So here we are, Roo and I, taking pictures of my bike in Little Switzerland, North Carolina within spittin’ distance of the Blue Ridge Parkway, where our Moto Club puts on it’s annual weekend rally.

The host motel, The Big Lynn Lodge is situated right on one of the above mentioned roads: NC226A, The Diamondback Motorcycle & Sports Car Route is marketed by the Village of Little Switzerland just like that, and sees hundreds of motorbikes and sports cars every spring, summer, and autumn.

Look at all those squiggly lines!

You cannot go wrong riding in this area. Not only are the infamous roads mentioned above exemplary, but the unnamed, little known roads that abound are sometimes more exhilarating.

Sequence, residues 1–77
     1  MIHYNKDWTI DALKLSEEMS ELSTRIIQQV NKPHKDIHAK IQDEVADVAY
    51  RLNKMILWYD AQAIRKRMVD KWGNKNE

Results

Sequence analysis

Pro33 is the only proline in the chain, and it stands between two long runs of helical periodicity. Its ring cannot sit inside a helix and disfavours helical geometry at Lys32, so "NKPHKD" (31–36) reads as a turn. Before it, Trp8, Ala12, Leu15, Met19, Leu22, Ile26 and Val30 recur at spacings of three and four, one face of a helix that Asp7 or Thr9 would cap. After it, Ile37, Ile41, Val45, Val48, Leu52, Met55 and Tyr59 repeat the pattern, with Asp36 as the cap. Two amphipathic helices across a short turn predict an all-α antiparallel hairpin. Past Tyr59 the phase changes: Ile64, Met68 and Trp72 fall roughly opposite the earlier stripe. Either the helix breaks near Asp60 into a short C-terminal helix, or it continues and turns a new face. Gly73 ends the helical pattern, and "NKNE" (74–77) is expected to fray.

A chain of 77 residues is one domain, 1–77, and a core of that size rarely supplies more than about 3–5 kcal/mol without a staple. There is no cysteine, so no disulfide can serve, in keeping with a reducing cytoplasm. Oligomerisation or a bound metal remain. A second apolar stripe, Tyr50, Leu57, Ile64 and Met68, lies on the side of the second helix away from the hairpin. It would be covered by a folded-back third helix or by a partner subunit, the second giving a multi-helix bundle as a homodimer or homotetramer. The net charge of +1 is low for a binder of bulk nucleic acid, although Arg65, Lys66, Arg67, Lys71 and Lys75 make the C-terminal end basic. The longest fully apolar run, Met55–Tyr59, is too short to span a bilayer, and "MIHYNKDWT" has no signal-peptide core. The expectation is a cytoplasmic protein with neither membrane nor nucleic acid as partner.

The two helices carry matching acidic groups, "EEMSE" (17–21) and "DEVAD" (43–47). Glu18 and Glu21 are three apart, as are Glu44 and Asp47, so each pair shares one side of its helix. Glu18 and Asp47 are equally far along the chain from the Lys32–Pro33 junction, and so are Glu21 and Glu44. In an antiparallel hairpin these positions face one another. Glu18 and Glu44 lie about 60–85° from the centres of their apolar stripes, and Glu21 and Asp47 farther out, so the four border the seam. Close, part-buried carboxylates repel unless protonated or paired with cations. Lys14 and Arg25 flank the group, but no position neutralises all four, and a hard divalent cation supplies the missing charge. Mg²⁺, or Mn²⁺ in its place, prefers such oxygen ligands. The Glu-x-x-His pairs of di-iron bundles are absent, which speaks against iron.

You will encounter stunning scenery like this, but keep your eyes on the road.

Oh the tangled webs we weave………….

Early AM and bikes and riders getting ready for the day as soon as the fog lifts

The lone Italian

Listening to a great rock band with an adult beverage after a tiring day of riding

There are great roads to ride most everywhere in the US. But if you are looking for a higher degree of difficulty, challenging, technical, adrenalin inducing tarmac, you would be hard pressed to find it elsewhere. Come visit. Then you will know the best.


Spring! Our favorite time of year. Not only is the weather wonderful for introducing my motorbikes wheels to some lean angles again after a shitty winter, but end of April marks an event Roo & I wait for all year. Putting rubber to pavement in Hendersonville, North Carolina, the Ton Up Club of Highlands stages a fantastic vintage and café motorcycle street show: The Meltdown.

I have expounded profusely about this grass roots, family oriented, all-comers show in this blog every year. Young bikers, old bikers, non-bikers, women, kids, newbies, dogs. All gather here to ogle over beautiful vintage iron in all stages of preservation or restoration. And the majority of them  are ridden. No trailer queens in this group!